You’ll need to cut a very long pocket panel that is double the length of the zipper placement to the farthest handle end, plus about 6 inches, and 2″ wider than the length of the zipper (the part that will end up exposed). For Dallas, the zipper is 9″ so I cut a pocket panel 11″ wide. Of course, all of the cutting measurements are in the pattern instructions.
Please excuse my sloppy photos, I was speed-sewing Christmas gifts. 🙂
1. First, you need to measure and mark a vertical rectangle on the wrong side of your main panel, which will be where your zipper will be exposed. If your zipper is small (3mm), you can make the rectangle thinner, about 3/8″. For the medium Dallas Duffel, I used a 4.5mm zipper. So my rectangle is about 1/2″ wide by 9″ tall. I forgot to take a photo of this but it’s pretty self explanatory… basically mark a rectangle wherever you want the zipper to be – measure carefully so that it ends up straight.
2. Your Pocket Panel should be at least 1″ wider than the vertical height of your exposed zipper rectangle. I like it to be 2″ wider so it is easier to turn and press and also sew closed in the end. Pin your pocket panel to the RIGHT side of your main panel, going past the rectangle (on the wrong side) on 3 sides. The pocket panel and main panel should be right sides together. It’s hard to know where the rectangle is because it’s on the other side of the main panel, but just fold it over to check after it’s pinned.
3. Now flip back to the wrong side, and sew over the entire marked rectangle with a shorter stitch length. Backstitch at start/stop.
4. Now, cut a line down the center of the rectangle, stopping 1/2″ from the ends. Then snip from the cut to each corner, right up to, but not through, the stitching.
Right about here is where I forgot to keep taking photos. Now my fabrics are changing because I had to wait until I had another pocket to do.
5. Pull the pocket panel through the rectangle to the wrong side of the main panel and press flat.
Pull and press until the pocket panel isn’t showing from the right side of the main panel.
6. Flip back to the wrong side of the main panel. Now we need to attach our zipper. I glue baste the zipper, but pinning works too. I just put a very thin line of Fabritac along each long edge of the rectangle.
Put the zipper face down over the rectangle hole, centering it as best you can, and making sure the zipper pull is inside the hole and that the zipper pull is at the TOP of the main panel. It should be at the top of the bag when closed, and slide downward when opening.
Flip back to the right side of the main panel and adjust your zipper as needed so that it is centered by pushing the teeth left or right with your fingers.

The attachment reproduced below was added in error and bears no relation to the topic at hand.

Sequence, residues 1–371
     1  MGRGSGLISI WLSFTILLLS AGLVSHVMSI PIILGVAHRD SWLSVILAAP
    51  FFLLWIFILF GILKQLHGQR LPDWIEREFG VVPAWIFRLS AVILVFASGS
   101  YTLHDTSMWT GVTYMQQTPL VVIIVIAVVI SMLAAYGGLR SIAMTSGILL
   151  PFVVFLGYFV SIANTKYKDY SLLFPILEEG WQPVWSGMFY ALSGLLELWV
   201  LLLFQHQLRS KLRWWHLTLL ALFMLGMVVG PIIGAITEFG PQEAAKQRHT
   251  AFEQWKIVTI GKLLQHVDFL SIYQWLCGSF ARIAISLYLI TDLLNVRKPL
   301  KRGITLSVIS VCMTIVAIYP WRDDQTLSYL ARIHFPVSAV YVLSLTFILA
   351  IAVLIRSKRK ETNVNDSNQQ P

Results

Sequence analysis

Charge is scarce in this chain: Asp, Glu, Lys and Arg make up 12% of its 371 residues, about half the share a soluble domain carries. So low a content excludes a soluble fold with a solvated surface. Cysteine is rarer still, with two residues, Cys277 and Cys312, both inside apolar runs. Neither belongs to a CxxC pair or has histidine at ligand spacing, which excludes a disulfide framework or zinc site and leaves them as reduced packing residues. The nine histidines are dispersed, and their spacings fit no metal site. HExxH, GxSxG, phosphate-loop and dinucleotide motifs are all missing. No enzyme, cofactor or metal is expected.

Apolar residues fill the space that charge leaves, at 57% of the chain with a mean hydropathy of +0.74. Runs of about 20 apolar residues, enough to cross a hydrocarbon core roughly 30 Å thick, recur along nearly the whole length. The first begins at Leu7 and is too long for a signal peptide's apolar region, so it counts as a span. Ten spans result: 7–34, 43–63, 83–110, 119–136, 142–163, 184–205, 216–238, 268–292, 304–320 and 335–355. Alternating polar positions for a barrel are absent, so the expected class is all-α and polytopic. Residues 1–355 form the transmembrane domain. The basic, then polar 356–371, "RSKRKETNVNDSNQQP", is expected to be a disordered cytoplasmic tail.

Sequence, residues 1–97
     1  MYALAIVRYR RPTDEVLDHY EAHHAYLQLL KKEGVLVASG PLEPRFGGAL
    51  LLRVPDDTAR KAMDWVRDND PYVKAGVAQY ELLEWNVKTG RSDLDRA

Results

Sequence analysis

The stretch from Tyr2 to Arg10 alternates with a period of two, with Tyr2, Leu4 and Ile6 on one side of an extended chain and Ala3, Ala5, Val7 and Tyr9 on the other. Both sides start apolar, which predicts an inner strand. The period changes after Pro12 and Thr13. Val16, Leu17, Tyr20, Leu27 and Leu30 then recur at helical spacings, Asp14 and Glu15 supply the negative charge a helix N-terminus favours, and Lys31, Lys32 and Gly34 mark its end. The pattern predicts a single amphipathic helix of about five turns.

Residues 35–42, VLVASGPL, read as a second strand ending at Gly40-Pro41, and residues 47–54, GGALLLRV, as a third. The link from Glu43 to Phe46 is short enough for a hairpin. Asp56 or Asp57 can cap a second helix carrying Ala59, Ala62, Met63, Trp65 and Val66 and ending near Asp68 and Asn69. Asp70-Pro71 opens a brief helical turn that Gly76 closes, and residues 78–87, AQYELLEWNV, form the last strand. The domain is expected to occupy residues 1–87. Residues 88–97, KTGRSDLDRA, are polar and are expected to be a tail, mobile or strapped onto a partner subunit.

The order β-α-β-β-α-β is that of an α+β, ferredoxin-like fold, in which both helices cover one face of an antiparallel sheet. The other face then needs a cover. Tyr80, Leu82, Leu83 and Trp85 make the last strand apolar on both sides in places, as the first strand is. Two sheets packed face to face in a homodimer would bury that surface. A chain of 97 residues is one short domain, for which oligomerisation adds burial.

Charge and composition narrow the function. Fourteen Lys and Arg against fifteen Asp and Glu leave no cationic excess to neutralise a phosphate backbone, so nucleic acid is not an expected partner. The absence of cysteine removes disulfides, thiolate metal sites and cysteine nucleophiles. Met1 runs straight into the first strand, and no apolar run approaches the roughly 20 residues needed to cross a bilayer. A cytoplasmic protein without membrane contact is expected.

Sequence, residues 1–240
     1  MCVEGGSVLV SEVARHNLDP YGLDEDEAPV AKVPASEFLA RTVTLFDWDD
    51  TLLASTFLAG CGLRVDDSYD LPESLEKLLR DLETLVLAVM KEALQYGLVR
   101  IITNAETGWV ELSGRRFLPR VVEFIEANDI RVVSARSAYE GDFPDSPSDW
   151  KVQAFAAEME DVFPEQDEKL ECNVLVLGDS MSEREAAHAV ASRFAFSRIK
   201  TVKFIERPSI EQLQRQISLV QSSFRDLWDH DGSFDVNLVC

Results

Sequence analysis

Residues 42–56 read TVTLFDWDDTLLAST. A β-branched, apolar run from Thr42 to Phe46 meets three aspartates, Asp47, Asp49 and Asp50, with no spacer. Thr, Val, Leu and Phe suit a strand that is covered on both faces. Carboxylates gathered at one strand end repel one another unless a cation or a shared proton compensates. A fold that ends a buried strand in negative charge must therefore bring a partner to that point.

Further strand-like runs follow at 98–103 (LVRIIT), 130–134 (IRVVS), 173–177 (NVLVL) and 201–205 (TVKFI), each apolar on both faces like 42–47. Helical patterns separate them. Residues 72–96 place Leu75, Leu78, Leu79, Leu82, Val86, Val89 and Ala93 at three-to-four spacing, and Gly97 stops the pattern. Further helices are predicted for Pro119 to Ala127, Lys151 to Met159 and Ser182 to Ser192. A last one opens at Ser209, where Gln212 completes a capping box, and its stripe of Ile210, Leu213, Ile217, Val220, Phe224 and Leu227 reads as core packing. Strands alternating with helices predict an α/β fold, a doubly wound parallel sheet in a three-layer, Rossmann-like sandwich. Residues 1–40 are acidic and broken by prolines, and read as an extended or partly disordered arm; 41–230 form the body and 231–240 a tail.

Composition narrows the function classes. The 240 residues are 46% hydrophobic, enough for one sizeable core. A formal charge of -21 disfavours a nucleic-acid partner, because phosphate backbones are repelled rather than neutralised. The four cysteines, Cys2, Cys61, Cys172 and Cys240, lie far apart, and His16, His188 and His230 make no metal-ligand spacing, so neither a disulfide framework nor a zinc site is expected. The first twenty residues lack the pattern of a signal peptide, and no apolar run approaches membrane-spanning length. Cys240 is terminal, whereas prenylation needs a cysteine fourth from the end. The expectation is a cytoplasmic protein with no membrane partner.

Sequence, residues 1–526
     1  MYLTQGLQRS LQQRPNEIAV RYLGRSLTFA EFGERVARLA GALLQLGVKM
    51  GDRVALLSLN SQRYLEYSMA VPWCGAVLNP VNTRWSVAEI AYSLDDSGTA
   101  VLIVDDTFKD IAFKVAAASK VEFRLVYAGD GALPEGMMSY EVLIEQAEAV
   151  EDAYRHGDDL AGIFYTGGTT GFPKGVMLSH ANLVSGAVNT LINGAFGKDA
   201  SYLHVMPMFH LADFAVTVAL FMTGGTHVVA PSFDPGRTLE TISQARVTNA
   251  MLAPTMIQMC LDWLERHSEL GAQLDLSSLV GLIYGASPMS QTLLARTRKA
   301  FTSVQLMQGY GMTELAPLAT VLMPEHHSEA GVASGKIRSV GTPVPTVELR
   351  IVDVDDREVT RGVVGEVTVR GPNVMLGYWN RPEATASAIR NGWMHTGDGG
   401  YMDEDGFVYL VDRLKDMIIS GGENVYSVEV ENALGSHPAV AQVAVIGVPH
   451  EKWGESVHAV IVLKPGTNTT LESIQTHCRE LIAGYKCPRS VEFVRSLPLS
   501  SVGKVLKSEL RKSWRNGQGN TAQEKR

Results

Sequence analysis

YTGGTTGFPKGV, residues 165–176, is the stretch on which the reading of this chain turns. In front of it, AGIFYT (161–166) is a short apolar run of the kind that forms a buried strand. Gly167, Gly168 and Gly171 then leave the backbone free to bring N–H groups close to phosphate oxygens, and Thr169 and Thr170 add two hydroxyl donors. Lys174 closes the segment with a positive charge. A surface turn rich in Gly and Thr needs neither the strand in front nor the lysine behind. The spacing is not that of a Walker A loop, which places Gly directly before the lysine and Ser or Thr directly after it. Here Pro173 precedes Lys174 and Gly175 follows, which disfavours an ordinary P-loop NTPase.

7. First, pin the pocket panel to the main panel so it doesn’t move and get caught in your stitching. Now we need to top stitch around the entire rectangle. You might find it helpful to use a zipper foot but I just use my regular foot for this. Start along one long edge as close as you can get to the zipper pull.
With a longer stitch (3.5 or 4 for me), sew down the long edge. When you get to the end, pivot and sew right over the zipper teeth.
Pivot again and sew down the other long edge of the rectangle, until you get to the zipper pull. With your needle down, lift your foot and move the pull down a few inches.
Continue sewing until you reach where you started stitching. Backstitch and you’re done with this part! Check out your installed (and now blue!) zipper.
Flip to the wrong side of your main panel and it should look like this.
8. Now with the wrong side up, fold the bottom short loose edge of the pocket panel up to match the short edge above the zipper. Press and pin the pocket panel only (not going through the main panel) together.
9. Starting at the fold of one long edge, fold the main panel out of the way and sew only the three raw open edges (sides and top) of the pocket panel to enclose it completely.
Sew right over the zipper teeth if you are like me and use longer zippers for everything.
Once your pocket panel is sewn shut, trim the seam allowance. Also trim the ends of the zipper if necessary.
Your pocket is actually DONE now!
Open it, put something in it, and see that it will sag horribly being “sideways”.
Here is how I support the pocket in the Dallas Duffel pattern.
10. First, pin the hanging pocket out of the way – away from the Main Panel!
11. Mark where your handle will go and pin both ends in place (or glue baste as I do).
12. Sew to attach ONLY the handle end closest to the pocket to the main panel, making sure you don’t sew through the pocket panel (it should be pinned out of the way so that this doesn’t happen).
13. Unpin the pocket panel and pin it back in place against the wrong side of the main panel.
14. Now flip back to the right side of the main panel and sew to attach the other handle end (the one farthest from the pocket), this time you will be sewing THROUGH the pocket panel (it should be pinned to the wrong side).
After you sew the handle, take a look at the wrong side and you should have sewn through the pocket.
Now try to put something inside the pocket and you will see it’s supported and no longer saggy.
Trim the excess fabric on the pocket panel (past the farthest handle end).
Your vertical pocket is done!